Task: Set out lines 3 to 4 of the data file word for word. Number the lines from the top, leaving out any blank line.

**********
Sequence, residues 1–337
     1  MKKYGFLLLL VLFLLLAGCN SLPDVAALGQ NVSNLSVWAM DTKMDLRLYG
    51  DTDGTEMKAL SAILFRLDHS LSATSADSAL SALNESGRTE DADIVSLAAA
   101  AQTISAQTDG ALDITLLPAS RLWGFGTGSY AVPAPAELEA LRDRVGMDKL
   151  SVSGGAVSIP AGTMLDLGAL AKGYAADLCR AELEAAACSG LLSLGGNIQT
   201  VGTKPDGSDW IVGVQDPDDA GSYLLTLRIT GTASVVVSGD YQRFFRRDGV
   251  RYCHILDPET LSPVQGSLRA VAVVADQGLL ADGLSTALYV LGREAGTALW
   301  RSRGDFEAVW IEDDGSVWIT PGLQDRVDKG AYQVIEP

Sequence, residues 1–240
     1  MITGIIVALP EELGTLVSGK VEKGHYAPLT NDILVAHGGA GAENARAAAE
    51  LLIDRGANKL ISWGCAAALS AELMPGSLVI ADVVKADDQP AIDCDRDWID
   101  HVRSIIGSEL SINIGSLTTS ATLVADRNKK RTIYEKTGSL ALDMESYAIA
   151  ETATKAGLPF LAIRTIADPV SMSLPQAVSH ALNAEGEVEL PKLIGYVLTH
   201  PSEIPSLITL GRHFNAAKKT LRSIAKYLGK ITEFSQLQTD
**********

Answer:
    51  DTDGTEMKAL SAILFRLDHS LSATSADSAL SALNESGRTE DADIVSLAAA
   101  AQTISAQTDG ALDITLLPAS RLWGFGTGSY AVPAPAELEA LRDRVGMDKL